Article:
The Effects of Auditory and Olfactory Cues on Visual Attention Toward Food Images Under Acute Stress
Date of Graduation
Master of Science in Food Science (MS)
Second Committee Member
Edward E. Gbur
Psychological stress, acute stress, eye-tracker, visual attention, music therapy, aromatherapy, high calorie food
Psychological stress has been shown to increase preference for high calorie foods containing high levels of sugar and fat. Since excessive intake of high calorie foods may increase potential risk of obesity and other relevant health issues, relieving psychological stress may help in maintaining a balanced diet and good health status. Although a variety of strategies for relieving psychological stress has been suggested, little attention has been paid to regarding whether such strategies can result in balanced diets. Since music therapy and aromatherapy have proven popular approaches to relieving psychological stress, this thesis aimed at determining whether listening to music (Chapter 3) or smelling pleasant odors (Chapter 4) might decrease acute psychological stress, thereby decreasing visual attention toward and desire to consume high calorie foods. In Study 1, participants, after taking an intellectual quotient (IQ) test (acute stressor), were exposed to five minutes of one of three auditory conditions: (1) no music, (2) a classical musical piece (Air on the G string), and (3) a self-selected musical piece. Participants experiencing the no-music condition were given a break from music listening. Both positive and negative emotions were measured at three stages: before the IQ test (Pre-Stress), immediately after the IQ test (Post-Stress), and following the treatment (music or break) (Treatment). Using an eye tracker at both the Pre-Stress and the Treatment stages, participants’ visual attention toward high-calorie food images was measured, along with their desire toward eating high calorie foods shown in the images. The results showed that, under all three auditory conditions, while negative emotions were significantly increased at the Post-Stress stage, they were significantly decreased with no difference found between the Pre-Stress and Treatment stages. The three auditory conditions exhibited no significant differences with respect to visual attention toward high-calorie food images in terms of entry time, fixation count, and fixation time. However, as participants more intensively felt negative emotions, especially “distressed” and “nervous”, they looked at the high-calorie food images more quickly. In Study 2, participant positive and negative emotions, visual attention to high-calorie food images, and liking and desire to eat directed toward the high-calorie food images were measured before and after the IQ test under one of the three olfactory conditions: (1) no scent, (2) lavender scent, and (3) menthol scent. Negative emotions increased after the IQ test under all three olfactory conditions. With respect to visual attention, participants under the lavender scent condition looked at the high-calorie food images longer than those under the no-scent condition. In addition, as participants more intensively felt a “distressed” negative emotion, they looked at the high-calorie food images more quickly. Participants in the lavender scent condition exhibited less desire to eat the high calorie foods shown in the images than those in the no-scent or menthol-scent conditions. In conclusion, smelling a pleasant scent, especially lavender, can relieve psychological stress-induced visual attention toward high-calorie food images. While listening to musical pieces produced no significant differences with respect to reducing the stress-induced visual attention toward high-calorie food images from just taking a break without listening to music, further study should be conducted to determine how to optimize effective music treatment for stress reduction. The findings of this thesis provide better understanding of how to use either scent or music to maximize relief of psychological stress-related visual attention to high calorie foods.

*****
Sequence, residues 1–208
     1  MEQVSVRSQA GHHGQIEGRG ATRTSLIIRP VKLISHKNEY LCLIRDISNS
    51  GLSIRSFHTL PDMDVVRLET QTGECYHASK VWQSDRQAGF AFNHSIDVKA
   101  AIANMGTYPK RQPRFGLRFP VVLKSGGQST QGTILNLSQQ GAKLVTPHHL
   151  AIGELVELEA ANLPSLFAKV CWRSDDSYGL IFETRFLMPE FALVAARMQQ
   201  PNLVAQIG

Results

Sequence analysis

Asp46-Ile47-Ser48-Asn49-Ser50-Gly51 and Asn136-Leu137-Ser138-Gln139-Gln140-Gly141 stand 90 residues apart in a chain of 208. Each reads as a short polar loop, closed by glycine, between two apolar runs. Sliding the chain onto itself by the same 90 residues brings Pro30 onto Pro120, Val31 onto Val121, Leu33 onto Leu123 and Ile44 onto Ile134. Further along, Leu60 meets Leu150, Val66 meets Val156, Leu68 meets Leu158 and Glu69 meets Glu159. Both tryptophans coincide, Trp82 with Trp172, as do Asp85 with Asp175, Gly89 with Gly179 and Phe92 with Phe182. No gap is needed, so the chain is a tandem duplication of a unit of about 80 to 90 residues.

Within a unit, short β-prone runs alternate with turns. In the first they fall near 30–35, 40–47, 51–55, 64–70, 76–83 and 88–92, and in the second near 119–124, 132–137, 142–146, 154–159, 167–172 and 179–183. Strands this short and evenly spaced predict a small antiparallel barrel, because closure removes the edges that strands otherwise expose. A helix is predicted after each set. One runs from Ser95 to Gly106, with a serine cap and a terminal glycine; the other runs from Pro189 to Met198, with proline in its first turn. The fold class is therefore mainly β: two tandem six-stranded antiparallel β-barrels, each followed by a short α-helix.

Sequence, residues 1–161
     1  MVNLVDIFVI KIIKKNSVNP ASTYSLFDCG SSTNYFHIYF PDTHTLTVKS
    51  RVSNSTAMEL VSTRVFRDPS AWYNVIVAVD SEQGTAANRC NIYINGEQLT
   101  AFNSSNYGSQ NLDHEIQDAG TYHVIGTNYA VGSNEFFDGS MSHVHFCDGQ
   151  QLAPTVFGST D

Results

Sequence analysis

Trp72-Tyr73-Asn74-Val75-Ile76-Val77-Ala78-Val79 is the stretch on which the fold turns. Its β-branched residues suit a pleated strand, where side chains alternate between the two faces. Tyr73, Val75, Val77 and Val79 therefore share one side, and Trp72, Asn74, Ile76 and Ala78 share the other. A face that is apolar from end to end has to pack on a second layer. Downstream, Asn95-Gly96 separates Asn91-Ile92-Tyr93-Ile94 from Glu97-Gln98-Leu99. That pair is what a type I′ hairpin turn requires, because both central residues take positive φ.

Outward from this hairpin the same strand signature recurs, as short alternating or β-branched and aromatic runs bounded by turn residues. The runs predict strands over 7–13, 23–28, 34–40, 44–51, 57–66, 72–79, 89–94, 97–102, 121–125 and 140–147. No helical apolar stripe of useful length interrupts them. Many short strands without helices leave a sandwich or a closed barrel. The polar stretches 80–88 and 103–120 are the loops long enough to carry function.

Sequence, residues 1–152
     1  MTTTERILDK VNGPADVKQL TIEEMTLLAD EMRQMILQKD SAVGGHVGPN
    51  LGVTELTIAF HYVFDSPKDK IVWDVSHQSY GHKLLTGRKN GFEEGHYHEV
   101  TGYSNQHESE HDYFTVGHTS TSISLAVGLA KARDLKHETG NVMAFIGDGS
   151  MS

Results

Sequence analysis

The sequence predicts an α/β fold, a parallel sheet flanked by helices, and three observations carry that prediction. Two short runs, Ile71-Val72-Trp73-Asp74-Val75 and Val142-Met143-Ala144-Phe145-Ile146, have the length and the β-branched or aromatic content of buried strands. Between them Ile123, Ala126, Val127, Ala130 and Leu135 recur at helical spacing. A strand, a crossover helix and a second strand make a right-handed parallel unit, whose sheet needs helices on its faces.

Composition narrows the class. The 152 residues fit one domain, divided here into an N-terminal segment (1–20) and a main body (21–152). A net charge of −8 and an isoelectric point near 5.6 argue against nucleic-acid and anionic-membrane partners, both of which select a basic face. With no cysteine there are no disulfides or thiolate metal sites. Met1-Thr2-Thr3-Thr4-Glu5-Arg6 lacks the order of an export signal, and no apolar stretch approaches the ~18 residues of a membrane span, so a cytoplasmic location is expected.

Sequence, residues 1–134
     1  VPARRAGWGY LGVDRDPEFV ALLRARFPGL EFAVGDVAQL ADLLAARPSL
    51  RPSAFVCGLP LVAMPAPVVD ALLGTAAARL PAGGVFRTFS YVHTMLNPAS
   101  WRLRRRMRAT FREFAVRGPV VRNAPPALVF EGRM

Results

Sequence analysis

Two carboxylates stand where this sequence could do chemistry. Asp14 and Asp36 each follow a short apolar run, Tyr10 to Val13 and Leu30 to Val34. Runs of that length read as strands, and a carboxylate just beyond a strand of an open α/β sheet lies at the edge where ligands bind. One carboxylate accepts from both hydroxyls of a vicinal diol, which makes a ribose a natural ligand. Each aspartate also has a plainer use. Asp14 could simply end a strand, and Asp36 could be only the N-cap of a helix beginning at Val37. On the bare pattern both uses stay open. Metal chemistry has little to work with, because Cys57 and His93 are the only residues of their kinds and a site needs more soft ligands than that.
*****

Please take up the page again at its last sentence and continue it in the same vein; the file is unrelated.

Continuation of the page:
Moltaji, R. (2020). The Effects of Auditory and Olfactory Cues on Visual Attention Toward Food Images Under Acute Stress. Graduate Theses and Dissertations Retrieved from https://scholarworks.uark.edu/etd/3624